Harry Watkins, a member of the LI Biosecurity working group, gives his views on the recent Brexit White Paper from a biosecurity perspective
This blog contains the views of one of our members on the Brexit White Paper from a biosecurity perspective, and does not reflect an LI policy position.
The Government’s policy approach to Brexit was set out in a White Paper in February 2017. The general approach is to ensure that all EU regulations which are directly applicable in the UK and all laws which have been made in the UK implementing EU directives remain part of domestic law on the day we leave the EU.
The exit from and new partnership with the European Union will be set out in primary legislation, including the Great Repeal Bill (GRB) and legislation regarding customs and immigration (1.8). After the primary legislation has been enacted, Parliament will then be able to decide which elements of that law to keep, amend of repeal ‘in a way that is fit for our specific needs’.
The effect of the GRB will be to place all EU-derived legislation under review pending renegotiation, and whilst the White Paper provides some clarity regarding strategic aims and the short-term impacts, it does not set out detailed medium- to long-term policies or objectives. Instead, these will be developed following the withdrawal from the EU in 2019, likely by the government that is formed after the General Election in 2020.
The uncertain climate
The uncertainty caused by the phased development of strategic goals for a new partnership is compounded by the Government’s desire to keep their positions closely held (1.11), whilst at the same time delivering an austerity programme that was set out in the 2015 manifesto. Although the White Paper states that existing funding arrangements will remain in place (1.13), this uncertainty is especially acute in government agencies relating to agriculture and the environment (including biosecurity).
Regular meetings of the Joint Ministerial Committee on EU Negotiations (JMC(EN)) are being held to ensure that the interests of all areas of the UK are met, bringing together the leaders of the devolved administrations and the Prime Minister on a monthly basis. Proposals have been published by Welsh and Scottish Governments; due to the Assembly elections, Northern Ireland has yet to do so (3.8).
The role of devolved governments is especially important in matters of the environment and biosecurity. As the policy areas that the devolved governments have legislative competence in are dominated by agriculture, environment and transport issues (3.3), the level at which future decisions are taken will be reviewed as laws are ‘repatriated’, with the expectation that decision making will be increasingly devolved (3.5) and (3.8).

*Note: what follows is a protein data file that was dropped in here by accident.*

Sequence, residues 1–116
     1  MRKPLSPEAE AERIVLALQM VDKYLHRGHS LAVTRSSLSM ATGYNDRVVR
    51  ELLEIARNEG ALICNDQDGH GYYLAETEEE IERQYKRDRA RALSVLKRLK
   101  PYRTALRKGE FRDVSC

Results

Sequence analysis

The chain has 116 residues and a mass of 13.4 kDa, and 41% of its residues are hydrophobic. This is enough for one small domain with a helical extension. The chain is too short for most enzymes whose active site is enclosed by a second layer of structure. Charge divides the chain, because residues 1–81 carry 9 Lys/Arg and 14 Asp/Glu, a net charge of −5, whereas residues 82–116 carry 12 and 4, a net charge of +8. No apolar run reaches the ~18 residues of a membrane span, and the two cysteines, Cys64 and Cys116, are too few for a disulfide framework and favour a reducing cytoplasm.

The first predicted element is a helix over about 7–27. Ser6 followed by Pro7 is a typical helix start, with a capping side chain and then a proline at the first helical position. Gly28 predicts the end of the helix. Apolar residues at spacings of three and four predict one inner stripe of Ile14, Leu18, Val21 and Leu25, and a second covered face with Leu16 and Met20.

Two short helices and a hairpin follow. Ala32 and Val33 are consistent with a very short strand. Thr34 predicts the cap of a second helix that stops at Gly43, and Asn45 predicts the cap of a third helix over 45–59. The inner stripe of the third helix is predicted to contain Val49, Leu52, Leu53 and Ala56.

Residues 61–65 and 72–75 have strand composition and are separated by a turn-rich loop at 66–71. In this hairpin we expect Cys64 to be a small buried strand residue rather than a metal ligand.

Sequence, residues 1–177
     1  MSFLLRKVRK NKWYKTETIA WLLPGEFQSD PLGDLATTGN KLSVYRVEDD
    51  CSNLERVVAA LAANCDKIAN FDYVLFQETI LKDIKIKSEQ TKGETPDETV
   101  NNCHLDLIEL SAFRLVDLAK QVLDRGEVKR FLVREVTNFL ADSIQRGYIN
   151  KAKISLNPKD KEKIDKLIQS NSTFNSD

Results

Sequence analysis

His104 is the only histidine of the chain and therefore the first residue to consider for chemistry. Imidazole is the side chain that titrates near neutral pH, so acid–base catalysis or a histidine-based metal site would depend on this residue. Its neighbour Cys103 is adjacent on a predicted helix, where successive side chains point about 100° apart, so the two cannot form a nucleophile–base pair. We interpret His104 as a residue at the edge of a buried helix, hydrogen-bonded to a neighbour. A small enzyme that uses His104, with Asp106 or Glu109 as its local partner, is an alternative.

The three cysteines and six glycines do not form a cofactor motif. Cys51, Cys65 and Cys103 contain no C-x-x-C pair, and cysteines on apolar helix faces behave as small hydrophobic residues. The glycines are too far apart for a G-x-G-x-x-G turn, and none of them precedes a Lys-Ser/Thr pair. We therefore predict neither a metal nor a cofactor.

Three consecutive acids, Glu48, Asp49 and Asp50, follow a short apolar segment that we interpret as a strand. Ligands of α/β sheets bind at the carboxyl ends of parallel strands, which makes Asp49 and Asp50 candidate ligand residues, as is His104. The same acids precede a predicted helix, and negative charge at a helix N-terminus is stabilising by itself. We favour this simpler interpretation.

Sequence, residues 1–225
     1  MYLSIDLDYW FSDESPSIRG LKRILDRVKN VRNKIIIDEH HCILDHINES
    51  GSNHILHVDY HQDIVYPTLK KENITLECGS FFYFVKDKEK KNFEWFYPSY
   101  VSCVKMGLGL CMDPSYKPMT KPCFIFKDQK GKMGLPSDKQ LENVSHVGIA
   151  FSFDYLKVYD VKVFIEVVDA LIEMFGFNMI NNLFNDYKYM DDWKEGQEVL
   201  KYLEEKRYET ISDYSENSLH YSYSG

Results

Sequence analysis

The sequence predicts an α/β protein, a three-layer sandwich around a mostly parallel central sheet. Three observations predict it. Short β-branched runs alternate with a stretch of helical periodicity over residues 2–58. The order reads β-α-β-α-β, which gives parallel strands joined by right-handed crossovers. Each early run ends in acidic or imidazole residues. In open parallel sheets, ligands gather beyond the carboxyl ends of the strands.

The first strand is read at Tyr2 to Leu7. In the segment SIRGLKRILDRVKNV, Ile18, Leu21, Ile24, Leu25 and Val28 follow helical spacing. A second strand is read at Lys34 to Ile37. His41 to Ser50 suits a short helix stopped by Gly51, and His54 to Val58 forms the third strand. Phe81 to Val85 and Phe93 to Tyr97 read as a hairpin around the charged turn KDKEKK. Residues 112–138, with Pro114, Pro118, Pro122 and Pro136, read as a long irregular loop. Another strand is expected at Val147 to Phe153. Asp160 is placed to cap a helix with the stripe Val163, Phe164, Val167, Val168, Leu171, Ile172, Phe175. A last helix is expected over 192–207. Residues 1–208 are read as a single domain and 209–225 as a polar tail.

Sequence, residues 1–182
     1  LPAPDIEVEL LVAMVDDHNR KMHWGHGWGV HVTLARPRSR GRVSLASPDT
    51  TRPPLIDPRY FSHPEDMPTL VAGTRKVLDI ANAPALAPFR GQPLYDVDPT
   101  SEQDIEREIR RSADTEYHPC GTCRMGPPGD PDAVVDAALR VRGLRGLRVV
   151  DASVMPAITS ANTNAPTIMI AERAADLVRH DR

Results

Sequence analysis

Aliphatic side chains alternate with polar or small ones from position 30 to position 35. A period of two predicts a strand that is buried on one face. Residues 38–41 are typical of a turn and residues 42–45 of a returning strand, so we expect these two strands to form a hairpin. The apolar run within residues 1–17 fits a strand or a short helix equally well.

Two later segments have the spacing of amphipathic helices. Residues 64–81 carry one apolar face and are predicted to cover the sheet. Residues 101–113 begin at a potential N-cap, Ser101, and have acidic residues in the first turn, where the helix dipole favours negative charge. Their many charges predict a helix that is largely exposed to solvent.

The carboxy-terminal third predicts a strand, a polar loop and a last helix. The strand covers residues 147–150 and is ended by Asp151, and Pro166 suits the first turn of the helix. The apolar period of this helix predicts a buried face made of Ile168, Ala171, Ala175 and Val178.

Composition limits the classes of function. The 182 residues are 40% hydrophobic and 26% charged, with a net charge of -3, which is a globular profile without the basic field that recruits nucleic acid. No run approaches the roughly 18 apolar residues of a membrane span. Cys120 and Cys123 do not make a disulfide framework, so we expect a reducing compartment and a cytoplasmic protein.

Standards and regulations
In the short-term, common standards and frameworks will be maintained within the domestic market (3.6) with the aim that no new barriers to trade within the UK are created. However, the post-EU regulatory framework will be reviewed by after the UK has withdrawn from the EU. It should be noted that European Standards Organizations are not EU bodies (8.11) and the British Standards Institution (BSI) is deeply integrated with European directives and regulations, and as such, it is unlikely that these will be changed significantly unless they prejudice opportunities for international trade.
Environment and agriculture
The White Paper sets out ambitious environmental targets, re-affirming the government’s commitment to ensuring we become the first generation ‘to leave the environment in a better state than we found it’. The Great Repeal Bill will be used to bring the current framework of environmental regulation into UK and devolved law and the UK’s climate action will continue to be underpinned by our climate targets as set out in the Climate Change Act 2008.
However, whilst the commitment to the environment is laudable, the caveat that the approach will improve the environment ‘in a way that is fit for our specific needs’ (8.41) leaves room for interpretation. Indeed, as the Chair of the Environmental Audit Committee stated in a letter to the Secretary of State for Exiting the EU last July: ‘There are few areas…where the decision to leave the EU will have a more widespread impact than the environment’ and most issues affecting landscape or the environment are addressed in no more than a sentence in the White Paper.